A little flutter of her long-fingered hands looks not unlike an octopus's armns waving underwater. "Oh, you will it to be so and gift the person of your choice -- even yourself -- with seven years unaging. Seven years as fresh as they looked this morning! And at the end of seven years, you need only to will it again! It does work better on blood relatives -- and of course you do not count as your own blood relative -- but... and if you are so lucky, you might even become younger. No refunds or substitutions, you will not become a child or a youth again, no using this to fulfill some sort of weird Technically Legal fetish, my employer does not condone and will not enable that kind of thing." The last sentence comes out in a rush as if she's at the end of an As Seen on TV late night ad, but there's a certain vehemence there.
Logan can't help but chuckle a little at the hob's particular manner of speaking, and the way she puts it to him. It's charming, in its way. He wets his lips, letting a pregnant pause form for just long enough to make it seem like he's thinking about this. But really, he isn't. He's already made up his mind. This is probably the best he is going to do with the least amount of compromises and the least downtime. It seems like a perfect birthday present to himself. "Okay. Let's do it." His grin shines out again, dimples showing, and the light in his mien shines as well, sparkling all around him.
The hob's eyes widen a little more, and her long lashes flutter as Logan grins. She could just be putting him on and responding how he expects, or it could be genuine, or some combination of the two. "Oh, you're going to love Mr. G!" she croons, and extends one of her long hands toward the wagon; the walls of it draw up and out as if the cloudy walls are curtains pulled aside by an unseen hand.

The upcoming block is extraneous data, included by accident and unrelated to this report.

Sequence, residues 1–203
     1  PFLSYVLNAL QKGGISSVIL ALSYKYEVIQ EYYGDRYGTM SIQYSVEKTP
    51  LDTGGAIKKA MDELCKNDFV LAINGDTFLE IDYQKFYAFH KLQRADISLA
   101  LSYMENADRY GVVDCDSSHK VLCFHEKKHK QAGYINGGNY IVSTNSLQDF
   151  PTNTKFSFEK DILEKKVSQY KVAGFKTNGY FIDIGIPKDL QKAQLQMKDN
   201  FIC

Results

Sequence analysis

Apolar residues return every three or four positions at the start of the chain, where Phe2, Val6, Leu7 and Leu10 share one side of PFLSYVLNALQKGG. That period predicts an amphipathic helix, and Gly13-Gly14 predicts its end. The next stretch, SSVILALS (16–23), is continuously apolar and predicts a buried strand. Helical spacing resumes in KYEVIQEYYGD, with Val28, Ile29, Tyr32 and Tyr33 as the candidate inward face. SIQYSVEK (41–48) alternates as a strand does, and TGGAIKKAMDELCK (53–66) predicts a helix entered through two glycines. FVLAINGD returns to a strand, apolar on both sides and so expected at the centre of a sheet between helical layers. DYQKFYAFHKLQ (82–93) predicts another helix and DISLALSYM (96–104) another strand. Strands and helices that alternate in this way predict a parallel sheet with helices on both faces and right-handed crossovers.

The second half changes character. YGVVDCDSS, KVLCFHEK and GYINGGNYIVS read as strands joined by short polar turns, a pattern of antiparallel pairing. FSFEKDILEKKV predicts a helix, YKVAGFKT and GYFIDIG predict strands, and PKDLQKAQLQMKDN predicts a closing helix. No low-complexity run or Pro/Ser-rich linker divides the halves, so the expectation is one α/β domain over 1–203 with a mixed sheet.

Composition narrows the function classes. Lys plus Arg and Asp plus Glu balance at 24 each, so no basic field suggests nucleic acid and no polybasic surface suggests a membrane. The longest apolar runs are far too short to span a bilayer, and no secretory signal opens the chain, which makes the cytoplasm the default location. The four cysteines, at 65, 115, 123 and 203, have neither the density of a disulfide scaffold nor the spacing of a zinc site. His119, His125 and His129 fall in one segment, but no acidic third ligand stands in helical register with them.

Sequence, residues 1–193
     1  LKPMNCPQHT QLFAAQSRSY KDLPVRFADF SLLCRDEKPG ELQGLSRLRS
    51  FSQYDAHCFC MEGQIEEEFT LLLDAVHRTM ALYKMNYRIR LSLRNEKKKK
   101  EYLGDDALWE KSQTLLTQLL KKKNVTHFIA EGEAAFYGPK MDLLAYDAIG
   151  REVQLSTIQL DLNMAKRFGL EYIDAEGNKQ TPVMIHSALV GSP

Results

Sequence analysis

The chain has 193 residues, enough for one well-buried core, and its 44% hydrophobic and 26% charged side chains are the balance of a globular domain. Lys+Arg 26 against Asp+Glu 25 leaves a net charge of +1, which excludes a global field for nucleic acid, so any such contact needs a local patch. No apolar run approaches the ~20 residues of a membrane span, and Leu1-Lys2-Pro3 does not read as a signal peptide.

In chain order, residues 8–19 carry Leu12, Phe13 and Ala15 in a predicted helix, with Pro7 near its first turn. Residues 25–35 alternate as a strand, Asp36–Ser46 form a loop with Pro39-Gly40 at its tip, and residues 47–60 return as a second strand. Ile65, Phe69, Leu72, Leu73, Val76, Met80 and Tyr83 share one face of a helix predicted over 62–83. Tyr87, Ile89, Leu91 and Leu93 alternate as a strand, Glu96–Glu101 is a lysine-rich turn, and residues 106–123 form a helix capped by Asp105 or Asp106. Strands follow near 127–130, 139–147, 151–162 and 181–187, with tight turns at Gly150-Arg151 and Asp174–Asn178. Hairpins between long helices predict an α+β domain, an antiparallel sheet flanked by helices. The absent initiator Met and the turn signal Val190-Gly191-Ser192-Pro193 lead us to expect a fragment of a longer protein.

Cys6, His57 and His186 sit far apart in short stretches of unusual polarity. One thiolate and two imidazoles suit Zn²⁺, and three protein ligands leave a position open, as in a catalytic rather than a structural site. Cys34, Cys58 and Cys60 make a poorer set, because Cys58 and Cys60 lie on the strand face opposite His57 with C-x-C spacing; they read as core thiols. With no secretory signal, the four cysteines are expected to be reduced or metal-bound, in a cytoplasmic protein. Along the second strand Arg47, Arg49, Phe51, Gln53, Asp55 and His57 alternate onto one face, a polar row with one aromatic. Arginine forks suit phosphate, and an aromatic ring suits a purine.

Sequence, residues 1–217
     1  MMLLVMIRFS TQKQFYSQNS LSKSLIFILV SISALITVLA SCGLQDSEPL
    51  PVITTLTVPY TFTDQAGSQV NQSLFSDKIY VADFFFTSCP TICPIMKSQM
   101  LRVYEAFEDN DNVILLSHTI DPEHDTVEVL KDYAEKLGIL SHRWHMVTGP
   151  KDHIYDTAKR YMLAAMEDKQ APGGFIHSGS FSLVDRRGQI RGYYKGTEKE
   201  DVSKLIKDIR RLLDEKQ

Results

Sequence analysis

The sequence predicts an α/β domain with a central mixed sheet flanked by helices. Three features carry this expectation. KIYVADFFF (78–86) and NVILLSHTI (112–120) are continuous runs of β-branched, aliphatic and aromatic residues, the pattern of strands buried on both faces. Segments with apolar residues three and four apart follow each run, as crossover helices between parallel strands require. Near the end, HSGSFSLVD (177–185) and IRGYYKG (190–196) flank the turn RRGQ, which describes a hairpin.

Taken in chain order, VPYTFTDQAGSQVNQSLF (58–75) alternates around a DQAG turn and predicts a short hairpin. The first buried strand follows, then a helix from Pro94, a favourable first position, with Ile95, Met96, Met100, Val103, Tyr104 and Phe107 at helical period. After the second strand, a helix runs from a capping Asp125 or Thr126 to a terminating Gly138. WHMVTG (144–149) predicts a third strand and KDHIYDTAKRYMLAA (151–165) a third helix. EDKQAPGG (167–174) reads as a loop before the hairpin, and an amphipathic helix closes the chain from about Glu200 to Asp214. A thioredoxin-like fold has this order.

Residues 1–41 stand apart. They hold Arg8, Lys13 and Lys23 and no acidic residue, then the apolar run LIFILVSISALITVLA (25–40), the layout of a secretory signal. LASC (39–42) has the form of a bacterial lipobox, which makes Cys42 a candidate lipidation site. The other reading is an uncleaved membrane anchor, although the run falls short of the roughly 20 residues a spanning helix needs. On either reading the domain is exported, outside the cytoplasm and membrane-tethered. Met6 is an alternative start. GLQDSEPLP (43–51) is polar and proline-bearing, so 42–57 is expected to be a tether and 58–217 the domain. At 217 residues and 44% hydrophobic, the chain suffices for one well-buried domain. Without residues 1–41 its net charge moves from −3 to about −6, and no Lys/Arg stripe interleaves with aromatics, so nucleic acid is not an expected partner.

The chains of her dress spiral back behind her, attached to the corner of the vardo's interior, just under the leg of a table set in the middle, like a stage.
On the table, a tall column of glass sits -- it's about two feet tall, and big enough around that Logan could almost wrap his arms around it. Inside, iridescent material of some sort bubbles slowly, like a gently-boiling pot of water. It shifts colors -- purple -- blue -- green -- orange -- and the liquid or gel or whatever it is turns over and over and sparkles like a thousand stars. Two small globes turn and bubble in the liquid. It isn't until they start to center themselves in the column and turn to match one another that Logan can spot the iris -- the pupil -- one eye green, the other brown.
Logan's eyes, bright and blue as they are, as bright as the Pacific on a sunny morning, stare with intense interest into that pot of water. No matter how long he may be a Lost, he privately finds the wonders of the Market and the Hedge to be endlessly fascinating, and this brilliantly colored pot is no exception. His grin beams out again at the sight of the eyes. "Neat trick," he has to comment.
A burbling within the pot makes it clear -- now that Logan can watch it more fully -- that it isn't quite water, whatever it is, but some sort of viscous fluid. The bubbles rise too slowly for it to be water.
"Mr. G says that you should step up, remove the lid, and place your face over the bubbles," translates the hob from whatever language or means of communication the creature in the or of the goop is employing. She presses her long-fingered hands together and bows so low, so reverently, that the tips of her ears brush the ground by her spindly toes.
Logan hesitates for just a split second, because -- well. His face is a very precious commodity, as far as he is concerned. And it can be difficult to trust hobs entirely. But he gives the benefit of the doubt and does as he's instructed. The lid is removed, and Logan lowers his face to the bubbles, bright eyes staring into them, unblinking.
More burbling, and then the hob instructs: "You must hold the memory that you are willing to trade very precisely in your mind. Mr. G cannot be responsible for any unintended memory damage due to imprecise extraction if you are not holding the memory very very precisely in your mind." She stays bowed down, apparently looking at her toes. "Imagine it entirely, as if it were happening now."
Logan has to ask, "Is there a particular type of memory that's preferred? Something from childhood, I realize that. But what should be the nature of the memory?" Meanwhile, he starts examining his memories within, like a computer scanning a hard drive for the proper file. This is often the way Logan relates to such things.